Underneath It All

If you, like me, have battled, are still living and expect to keep dealing with depression, and if you, like me, have children who also have anxiety and depression as a constant illness, then you, like me, should not listen to “Dear Evan Hansen” music alone in an office at the end of a long week.

If you don’t know the story of Evan Hansen, you can find the full run down on the Wikipedia page. Warning: I’m likely to give away at least some of the story here.

Until recently, I didn’t know of it either, but my daughter started to share the music and I noticed a theme running through the lyrics. Although the story is not scene for scene the story of my family, too many of the lyrics ring true. Here’s the parts of the first song, sung by two very different mothers, both trying to negotiate normal families, social anxieties and, unknown as yet, suicide attempts.

****

Can we try to have an optimistic outlook, huh?

Can we buck up just enough to see the world won’t fall apart?
Maybe this year, we decide
We’re not giving up before we’ve tried
This year, we make a new start
Another stellar conversation for the scrapbook
Another stumble as I’m reaching for the right thing to say
I’m kinda coming up empty
Can’t find my way to you
Does anybody have a map?
Anybody maybe happen to know how the hell to do this?
I don’t know if you can tell
But this is me just pretending to know
So where’s the map?
I need a clue
‘Cause the scary truth is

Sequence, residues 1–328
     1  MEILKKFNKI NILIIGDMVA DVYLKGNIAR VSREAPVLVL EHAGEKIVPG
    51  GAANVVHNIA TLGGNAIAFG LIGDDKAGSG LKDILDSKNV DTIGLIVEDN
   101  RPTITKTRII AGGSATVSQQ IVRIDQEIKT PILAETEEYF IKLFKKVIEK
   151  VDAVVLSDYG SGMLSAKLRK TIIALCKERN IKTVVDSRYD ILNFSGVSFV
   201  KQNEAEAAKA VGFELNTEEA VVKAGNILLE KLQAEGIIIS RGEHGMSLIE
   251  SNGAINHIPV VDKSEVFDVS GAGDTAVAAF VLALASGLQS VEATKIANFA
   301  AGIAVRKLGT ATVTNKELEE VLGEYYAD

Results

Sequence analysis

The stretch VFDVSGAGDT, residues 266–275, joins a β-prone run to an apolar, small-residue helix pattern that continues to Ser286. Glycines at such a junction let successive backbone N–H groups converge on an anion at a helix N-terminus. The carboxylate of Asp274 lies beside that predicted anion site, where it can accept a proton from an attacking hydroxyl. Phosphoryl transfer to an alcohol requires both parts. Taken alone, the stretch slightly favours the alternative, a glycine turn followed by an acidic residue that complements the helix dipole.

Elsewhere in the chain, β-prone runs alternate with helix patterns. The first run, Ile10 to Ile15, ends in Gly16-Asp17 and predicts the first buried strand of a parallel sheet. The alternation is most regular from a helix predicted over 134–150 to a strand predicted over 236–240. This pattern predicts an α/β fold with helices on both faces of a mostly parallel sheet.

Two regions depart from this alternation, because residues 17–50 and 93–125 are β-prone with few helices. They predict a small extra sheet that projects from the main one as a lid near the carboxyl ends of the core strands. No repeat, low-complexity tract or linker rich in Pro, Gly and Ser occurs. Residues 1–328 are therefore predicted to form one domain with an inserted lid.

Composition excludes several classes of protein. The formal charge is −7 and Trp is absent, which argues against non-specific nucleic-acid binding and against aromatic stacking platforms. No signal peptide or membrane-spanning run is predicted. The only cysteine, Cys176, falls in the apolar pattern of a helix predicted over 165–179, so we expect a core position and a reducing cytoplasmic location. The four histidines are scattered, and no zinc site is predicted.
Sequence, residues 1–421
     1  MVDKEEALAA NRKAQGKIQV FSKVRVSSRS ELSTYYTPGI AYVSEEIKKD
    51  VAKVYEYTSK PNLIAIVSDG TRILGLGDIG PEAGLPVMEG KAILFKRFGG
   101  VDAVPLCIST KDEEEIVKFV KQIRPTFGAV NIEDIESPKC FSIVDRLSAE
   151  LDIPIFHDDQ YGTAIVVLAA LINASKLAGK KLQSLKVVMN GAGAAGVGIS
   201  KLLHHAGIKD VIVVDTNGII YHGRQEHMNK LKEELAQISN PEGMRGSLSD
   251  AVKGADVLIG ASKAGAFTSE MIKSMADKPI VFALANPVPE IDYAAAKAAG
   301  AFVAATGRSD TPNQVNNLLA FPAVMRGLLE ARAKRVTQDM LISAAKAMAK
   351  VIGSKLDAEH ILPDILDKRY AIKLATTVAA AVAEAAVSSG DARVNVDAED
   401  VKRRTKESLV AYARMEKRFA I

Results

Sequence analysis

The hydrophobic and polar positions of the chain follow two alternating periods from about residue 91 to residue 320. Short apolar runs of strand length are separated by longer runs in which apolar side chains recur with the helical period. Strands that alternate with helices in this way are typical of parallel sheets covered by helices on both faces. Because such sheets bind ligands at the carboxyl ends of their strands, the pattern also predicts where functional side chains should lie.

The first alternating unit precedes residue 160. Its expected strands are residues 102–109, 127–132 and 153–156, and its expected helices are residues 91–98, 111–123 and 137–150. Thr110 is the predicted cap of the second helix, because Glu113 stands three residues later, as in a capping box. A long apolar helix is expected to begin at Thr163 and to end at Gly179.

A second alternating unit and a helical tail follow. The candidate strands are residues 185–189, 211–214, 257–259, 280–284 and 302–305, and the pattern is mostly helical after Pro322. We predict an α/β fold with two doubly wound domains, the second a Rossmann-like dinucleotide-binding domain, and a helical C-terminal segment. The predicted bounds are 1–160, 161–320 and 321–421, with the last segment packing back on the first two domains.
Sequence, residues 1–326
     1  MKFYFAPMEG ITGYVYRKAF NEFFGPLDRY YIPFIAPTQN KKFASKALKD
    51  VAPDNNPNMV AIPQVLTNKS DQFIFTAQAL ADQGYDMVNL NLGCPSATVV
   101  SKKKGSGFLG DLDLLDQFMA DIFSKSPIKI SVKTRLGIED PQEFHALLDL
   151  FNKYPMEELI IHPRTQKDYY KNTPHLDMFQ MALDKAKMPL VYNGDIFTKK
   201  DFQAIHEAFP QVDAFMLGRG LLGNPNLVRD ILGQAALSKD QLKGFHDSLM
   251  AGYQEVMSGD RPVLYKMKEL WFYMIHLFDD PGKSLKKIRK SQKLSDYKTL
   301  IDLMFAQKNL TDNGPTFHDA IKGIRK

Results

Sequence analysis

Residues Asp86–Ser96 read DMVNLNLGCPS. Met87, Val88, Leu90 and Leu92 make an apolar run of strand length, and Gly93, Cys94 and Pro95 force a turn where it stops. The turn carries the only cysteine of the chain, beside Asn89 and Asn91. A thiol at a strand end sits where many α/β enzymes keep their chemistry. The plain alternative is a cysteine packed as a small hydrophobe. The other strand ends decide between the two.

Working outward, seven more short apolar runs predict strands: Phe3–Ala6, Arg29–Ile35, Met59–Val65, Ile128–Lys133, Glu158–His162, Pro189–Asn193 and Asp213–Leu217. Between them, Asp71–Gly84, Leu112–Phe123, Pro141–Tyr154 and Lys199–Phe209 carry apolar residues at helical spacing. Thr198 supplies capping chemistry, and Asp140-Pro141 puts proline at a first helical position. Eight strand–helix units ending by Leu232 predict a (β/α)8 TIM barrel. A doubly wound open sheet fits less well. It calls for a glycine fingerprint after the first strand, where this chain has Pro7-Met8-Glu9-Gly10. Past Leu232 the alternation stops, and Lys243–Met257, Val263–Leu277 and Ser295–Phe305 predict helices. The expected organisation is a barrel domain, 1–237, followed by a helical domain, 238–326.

I’m flying blind
And I’m making this up as I go
Another masterful attempt ends with disaster
Pour another cup of coffee
And watch it all crash and burn
It’s a puzzle, it’s a maze
I tried to steer through it a million ways
But each day’s another wrong turn
-happen to know how the hell to do this?
I don’t know if you can tell
But this is me just pretending to know
So where’s the map?
I need a clue
‘Cause the scary truth is
I’m flying blind
And I’m making this up as I go
As I go

****

Now I am aware of the normalities, anxieties and ideations of my family, I think, and I am flattened once again, knowing that I have still not been successful in ‘fixing’ those. So, alone in the office, I cry. And sing along.

Were this anyone else’s post, I would be hitting the comments button and assuring them that no one’s mental health difficulties are my responsibility, but parents and significant others in my situation will testify that it isn’t as easy as telling yourself that. That’s my baby, despite the age; that’s my responsibility.

I used to be able to kiss it all better and now I cannot even slightly improve your outlook with a million hugs and kisses; ongoing psychiatric or psychologist appointments or 20 iterations of medical prescriptions. I hear you. I see you. I love you. And yet, that isn’t enough. God formed you, I carried you; and I would carry you in my arms again if that would mend your broken heart/soul/feelings/brain/self-worth/mental health…….but it doesn’t and I can’t.

I feel responsible because of the statistics that I have seen. Approximately 1 in 7 young people experience an affective depressive disorder (beyondblue.org.au) in Australia. Children whose parents have experienced the same are 4 times more likely, and children who have one or more grandparent who have experienced mental health issues are apparently 20 times more likely to experience some sort of mental health concern than others. How could I not feel responsible? This has been my story. And now it’s an inheritance.

Mostly, mostly, I don’t get stuck in this state. I don’t know why today is different. Perhaps because I feel alone when I’m surrounded. Perhaps because I am tired and need a good sleep (for a few weeks). Perhaps it is musically induced melancholia. Perhaps, and not so surprisingly, perhaps it is my depression coming to the fore in response to all of the above. Whatever.